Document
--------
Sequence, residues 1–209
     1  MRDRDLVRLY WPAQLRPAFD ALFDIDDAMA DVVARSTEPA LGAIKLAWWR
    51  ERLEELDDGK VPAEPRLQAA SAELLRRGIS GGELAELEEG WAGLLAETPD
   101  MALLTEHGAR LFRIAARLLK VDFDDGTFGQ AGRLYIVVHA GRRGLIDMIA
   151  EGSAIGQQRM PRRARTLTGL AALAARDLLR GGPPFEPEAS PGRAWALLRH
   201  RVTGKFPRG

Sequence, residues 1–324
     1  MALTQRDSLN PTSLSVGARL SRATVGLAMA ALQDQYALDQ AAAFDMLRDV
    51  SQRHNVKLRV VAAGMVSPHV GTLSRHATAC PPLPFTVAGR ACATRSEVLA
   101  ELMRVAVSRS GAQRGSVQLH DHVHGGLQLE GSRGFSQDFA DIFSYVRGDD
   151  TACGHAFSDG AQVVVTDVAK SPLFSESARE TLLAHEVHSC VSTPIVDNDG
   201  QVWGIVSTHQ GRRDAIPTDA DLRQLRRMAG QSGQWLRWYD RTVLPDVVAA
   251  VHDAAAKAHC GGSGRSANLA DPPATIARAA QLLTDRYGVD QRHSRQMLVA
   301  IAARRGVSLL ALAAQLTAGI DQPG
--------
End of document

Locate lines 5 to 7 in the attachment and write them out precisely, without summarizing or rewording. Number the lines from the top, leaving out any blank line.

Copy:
   151  EGSAIGQQRM PRRARTLTGL AALAARDLLR GGPPFEPEAS PGRAWALLRH
   201  RVTGKFPRG

Sequence, residues 1–324